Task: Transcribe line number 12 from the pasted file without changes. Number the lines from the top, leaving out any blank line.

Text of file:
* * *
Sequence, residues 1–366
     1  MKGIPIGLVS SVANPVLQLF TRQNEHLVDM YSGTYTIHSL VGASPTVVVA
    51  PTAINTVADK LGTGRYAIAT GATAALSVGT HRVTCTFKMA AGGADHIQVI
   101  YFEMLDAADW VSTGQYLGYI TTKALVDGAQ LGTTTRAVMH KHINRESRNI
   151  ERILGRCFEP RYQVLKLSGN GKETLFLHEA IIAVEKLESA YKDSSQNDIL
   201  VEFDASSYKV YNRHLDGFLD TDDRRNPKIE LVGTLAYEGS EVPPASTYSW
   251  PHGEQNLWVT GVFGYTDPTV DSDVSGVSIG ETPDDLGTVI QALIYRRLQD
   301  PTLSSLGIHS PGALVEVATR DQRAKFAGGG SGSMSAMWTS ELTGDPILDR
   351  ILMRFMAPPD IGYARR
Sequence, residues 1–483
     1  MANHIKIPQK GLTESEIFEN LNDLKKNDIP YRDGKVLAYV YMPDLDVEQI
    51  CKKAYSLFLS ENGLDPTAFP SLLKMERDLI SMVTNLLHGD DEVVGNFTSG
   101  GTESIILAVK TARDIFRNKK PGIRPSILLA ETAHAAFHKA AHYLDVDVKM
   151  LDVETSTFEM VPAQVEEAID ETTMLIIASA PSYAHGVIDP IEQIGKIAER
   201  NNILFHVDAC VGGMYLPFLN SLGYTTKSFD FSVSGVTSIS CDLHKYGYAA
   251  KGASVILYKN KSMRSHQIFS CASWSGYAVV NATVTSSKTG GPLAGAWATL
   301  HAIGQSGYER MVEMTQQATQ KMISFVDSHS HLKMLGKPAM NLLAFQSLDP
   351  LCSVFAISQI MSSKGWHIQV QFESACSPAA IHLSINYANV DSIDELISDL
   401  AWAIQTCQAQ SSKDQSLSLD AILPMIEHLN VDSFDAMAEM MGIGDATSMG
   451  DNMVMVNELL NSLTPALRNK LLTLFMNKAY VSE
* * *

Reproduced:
    51  CKKAYSLFLS ENGLDPTAFP SLLKMERDLI SMVTNLLHGD DEVVGNFTSG